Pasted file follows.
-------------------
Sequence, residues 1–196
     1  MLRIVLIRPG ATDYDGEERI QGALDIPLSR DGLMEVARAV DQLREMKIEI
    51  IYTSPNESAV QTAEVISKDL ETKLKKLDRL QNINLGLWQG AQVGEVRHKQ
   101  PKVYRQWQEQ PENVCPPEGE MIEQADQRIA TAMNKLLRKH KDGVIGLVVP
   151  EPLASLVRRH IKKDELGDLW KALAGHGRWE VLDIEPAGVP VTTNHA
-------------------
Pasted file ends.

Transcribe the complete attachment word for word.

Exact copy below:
Sequence, residues 1–196
     1  MLRIVLIRPG ATDYDGEERI QGALDIPLSR DGLMEVARAV DQLREMKIEI
    51  IYTSPNESAV QTAEVISKDL ETKLKKLDRL QNINLGLWQG AQVGEVRHKQ
   101  PKVYRQWQEQ PENVCPPEGE MIEQADQRIA TAMNKLLRKH KDGVIGLVVP
   151  EPLASLVRRH IKKDELGDLW KALAGHGRWE VLDIEPAGVP VTTNHA